Degree Name

Doctor of Philosophy


School of Liberal Arts


This doctoral thesis is about the cognitive basis of skilled performance. More specifically, it questions what sort of understanding, or grasp, skilled performers have of the means and methods by which they perform their impressive endeavors. The thesis concludes that skilled action does not entail conceptual grasp of method on the part of the agent. In advancing its case for this conclusion, it presents a series of arguments in its various chapters in opposition to intellectualism, certain forms of anti-intellectualism, and other influential positions in the philosophy of mind. In addition, beyond this, it recommends that researchers should take seriously the possibility that, in the case of certain sorts of skilled engagement, the performer need not manifest any agential understanding, conceptual or nonconceptual.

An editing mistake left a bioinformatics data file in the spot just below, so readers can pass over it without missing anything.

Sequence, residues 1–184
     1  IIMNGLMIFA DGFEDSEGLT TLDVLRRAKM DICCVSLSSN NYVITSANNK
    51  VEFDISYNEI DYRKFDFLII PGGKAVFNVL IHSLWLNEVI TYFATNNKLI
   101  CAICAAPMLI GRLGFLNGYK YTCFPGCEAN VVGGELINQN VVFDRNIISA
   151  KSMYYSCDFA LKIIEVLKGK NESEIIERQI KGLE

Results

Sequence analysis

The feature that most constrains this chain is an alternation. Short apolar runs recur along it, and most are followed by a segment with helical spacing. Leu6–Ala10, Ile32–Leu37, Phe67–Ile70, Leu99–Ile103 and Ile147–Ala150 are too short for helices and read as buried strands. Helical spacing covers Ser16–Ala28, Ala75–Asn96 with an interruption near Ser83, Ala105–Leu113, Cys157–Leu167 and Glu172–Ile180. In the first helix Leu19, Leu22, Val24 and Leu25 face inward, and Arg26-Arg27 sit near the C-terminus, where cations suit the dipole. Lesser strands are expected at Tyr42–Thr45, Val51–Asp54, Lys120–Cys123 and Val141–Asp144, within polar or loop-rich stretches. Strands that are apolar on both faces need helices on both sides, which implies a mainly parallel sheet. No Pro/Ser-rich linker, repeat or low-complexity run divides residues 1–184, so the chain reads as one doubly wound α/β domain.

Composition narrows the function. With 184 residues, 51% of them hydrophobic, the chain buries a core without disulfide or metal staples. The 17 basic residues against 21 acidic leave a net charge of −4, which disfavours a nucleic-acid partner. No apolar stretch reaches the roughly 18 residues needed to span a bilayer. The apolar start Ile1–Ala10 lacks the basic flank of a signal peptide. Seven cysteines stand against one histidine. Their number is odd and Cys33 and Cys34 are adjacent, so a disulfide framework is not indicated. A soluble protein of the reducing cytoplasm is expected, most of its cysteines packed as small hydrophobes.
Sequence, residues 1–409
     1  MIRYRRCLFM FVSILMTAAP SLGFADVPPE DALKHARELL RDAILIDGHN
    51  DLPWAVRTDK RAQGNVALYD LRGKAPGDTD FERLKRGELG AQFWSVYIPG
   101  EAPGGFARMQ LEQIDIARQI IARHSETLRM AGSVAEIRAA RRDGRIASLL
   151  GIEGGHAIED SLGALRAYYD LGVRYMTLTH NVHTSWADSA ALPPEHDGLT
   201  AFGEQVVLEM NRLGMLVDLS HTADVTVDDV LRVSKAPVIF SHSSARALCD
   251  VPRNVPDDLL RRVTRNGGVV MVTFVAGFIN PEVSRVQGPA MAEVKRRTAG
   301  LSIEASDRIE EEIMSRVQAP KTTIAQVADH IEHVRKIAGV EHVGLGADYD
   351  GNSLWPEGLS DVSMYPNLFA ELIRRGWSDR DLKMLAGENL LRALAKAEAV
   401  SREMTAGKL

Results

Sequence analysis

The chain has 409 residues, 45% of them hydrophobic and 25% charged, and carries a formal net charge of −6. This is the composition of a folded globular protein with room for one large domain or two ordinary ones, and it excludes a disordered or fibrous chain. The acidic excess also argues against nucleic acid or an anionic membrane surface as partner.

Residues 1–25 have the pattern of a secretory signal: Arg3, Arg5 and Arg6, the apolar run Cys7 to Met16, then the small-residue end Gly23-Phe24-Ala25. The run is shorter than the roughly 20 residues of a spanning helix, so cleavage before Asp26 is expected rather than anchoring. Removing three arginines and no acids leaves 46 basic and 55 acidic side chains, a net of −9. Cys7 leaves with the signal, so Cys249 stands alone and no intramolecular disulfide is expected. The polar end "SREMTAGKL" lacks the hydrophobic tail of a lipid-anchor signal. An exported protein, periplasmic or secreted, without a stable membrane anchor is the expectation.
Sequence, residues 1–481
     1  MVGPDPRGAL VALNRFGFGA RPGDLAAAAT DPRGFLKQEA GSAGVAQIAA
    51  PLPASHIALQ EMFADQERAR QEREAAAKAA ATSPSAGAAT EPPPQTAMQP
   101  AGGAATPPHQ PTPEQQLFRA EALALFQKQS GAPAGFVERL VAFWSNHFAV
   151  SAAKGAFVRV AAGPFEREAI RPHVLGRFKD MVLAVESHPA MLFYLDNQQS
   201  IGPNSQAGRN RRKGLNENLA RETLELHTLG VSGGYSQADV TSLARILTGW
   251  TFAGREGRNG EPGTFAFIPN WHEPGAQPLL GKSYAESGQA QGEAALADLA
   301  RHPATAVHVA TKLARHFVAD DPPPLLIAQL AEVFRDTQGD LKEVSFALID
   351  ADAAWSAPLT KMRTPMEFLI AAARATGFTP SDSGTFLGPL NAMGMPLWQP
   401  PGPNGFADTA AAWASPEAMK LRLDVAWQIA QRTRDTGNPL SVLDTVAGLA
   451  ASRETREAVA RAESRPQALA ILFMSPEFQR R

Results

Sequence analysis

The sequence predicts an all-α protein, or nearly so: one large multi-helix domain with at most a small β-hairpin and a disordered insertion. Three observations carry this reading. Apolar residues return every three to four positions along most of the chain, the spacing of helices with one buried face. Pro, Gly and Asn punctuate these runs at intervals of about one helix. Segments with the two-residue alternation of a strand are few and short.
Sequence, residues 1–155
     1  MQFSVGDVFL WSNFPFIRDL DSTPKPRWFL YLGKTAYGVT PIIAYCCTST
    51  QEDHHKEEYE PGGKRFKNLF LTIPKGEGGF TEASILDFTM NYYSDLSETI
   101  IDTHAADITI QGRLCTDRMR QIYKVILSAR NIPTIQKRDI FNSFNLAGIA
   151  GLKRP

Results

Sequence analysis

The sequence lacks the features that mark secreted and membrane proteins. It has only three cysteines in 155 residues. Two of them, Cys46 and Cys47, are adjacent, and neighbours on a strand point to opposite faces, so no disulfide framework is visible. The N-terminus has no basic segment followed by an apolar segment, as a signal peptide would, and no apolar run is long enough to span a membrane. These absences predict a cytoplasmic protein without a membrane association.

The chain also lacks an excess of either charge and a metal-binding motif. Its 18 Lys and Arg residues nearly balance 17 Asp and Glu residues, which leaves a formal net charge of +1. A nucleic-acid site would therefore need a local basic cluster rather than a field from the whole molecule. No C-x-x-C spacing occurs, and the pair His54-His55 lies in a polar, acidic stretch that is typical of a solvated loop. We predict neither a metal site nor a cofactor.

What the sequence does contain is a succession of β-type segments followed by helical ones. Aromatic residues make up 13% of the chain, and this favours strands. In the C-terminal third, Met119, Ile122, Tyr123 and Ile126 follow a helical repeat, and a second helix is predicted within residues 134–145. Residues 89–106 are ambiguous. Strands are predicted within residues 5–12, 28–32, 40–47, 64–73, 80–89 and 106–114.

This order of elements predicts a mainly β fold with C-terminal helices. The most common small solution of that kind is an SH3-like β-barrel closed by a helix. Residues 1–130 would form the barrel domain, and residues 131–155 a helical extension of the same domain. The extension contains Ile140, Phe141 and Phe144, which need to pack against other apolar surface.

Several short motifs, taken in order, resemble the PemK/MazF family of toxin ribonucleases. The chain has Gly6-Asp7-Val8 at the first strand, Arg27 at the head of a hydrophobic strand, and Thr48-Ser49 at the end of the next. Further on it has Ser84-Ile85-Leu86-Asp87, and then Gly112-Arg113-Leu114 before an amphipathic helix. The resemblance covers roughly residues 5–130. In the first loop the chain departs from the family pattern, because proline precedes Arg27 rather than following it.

FoR codes (2008)




Unless otherwise indicated, the views expressed in this thesis are those of the author and do not necessarily represent the views of the University of Wollongong.